Pregnancy tests are designed to react to the pregnancy hormone Human Chorionic Gonadotropin (hCG). This hormone increases if a fertilized egg implants in the woman's uterus. Therefore, an elevated level of hCG in a woman's urine indicates that she is pregnant.
Pregnancy tests have two antibody lines. One is the control line, which turns color when dipped in urine. If the control line appears with color, it confirms that your test is working properly. The other line is called the test line, and this line only turns color if your urine contains the amount of hCG that your pregnancy test is sensitive to.
Today, pregnancy tests are of such high quality that they are more than 99% reliable and accurate from the day of the expected menstruation. However, it is possible to be pregnant even if your pregnancy test is negative. This is especially true if you test before the expected day of menstruation.
The accuracy of early and standard pregnancy tests today is so high that it is extremely rare to encounter a false positive result. If your test is positive – meaning a colored line appears on the test line within the designated timeframe – then you are pregnant.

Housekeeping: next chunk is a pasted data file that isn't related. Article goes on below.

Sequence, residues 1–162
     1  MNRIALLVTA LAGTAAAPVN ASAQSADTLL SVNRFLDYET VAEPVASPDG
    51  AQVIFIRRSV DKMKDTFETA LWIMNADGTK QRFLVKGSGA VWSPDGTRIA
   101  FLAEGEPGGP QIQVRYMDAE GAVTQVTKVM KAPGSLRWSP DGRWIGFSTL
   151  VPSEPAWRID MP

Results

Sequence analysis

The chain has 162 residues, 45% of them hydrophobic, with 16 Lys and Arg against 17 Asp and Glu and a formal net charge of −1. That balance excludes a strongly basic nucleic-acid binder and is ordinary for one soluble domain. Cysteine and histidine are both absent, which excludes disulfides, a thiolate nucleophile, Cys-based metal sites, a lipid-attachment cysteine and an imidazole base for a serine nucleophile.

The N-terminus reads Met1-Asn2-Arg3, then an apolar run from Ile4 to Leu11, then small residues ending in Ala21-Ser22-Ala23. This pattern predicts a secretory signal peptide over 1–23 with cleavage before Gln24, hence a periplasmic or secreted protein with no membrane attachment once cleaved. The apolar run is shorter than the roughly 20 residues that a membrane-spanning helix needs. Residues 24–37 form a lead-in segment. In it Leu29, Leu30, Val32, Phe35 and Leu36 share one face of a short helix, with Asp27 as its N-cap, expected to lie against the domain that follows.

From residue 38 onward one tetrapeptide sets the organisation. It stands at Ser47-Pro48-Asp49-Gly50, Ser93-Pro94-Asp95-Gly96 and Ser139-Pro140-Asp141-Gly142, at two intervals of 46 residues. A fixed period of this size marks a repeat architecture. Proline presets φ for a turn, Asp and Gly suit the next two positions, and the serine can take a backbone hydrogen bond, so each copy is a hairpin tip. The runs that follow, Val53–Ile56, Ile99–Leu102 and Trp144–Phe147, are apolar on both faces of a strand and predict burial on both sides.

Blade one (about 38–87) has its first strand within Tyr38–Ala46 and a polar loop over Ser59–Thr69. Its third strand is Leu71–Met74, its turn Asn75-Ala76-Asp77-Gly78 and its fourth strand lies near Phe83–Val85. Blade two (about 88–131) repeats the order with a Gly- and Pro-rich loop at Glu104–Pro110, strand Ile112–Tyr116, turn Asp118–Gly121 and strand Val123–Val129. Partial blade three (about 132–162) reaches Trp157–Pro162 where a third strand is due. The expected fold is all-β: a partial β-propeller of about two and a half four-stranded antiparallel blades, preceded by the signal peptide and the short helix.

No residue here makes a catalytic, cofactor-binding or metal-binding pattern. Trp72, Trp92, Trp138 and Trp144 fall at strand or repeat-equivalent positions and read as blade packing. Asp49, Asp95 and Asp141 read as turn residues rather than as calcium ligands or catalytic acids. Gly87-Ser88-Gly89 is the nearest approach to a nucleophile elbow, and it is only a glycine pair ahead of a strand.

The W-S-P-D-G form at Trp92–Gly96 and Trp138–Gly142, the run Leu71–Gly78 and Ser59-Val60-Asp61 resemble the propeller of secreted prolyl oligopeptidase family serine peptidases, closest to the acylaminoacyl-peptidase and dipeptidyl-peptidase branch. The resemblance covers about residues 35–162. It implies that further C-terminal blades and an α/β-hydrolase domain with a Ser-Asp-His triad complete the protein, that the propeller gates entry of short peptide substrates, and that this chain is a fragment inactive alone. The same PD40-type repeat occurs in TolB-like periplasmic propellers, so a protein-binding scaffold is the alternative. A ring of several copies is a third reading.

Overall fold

However, some individuals may still experience menstruation on or a few days after their expected period, leading them to question whether the pregnancy test was a false positive. In most cases, this occurrence is due to a biochemical abortion, which occurs between weeks 3 and 5 of pregnancy. During this period, a pregnancy can only be detected through a pregnancy test or blood test, as a fetal heartbeat would not be visible on an ultrasound scan. Nevertheless, if a colored line appears within the specified time mentioned in the instructions, it indicates an elevated level of hCG, signifying that you are – or were – pregnant.
Please note that there are medications, such as Ovitrelle, that can cause an increase in hCG levels without being pregnant
hCG begins to rise when the fertilized egg implants itself 5-10 days after fertilization by a sperm cell and starts dividing. The level of the pregnancy hormone hCG then increases rapidly and doubles every three days during the first 12 weeks of pregnancy.
Clinical tests have shown that 99% of all pregnant women can test positive on a standard pregnancy test on the day of expected menstruation.
Yes, it is possible to be pregnant even if the pregnancy test is negative. This is especially true if you test before the expected day of menstruation.
The time it takes for a fertilized egg to reach the uterus can vary significantly. It can take anywhere from one day to a week. Since the production of the pregnancy hormone hCG begins when the egg implants in the uterus, there are cases where some individuals may have a positive pregnancy test a week before their expected period, while others may only have a positive test a few days after the expected day of menstruation.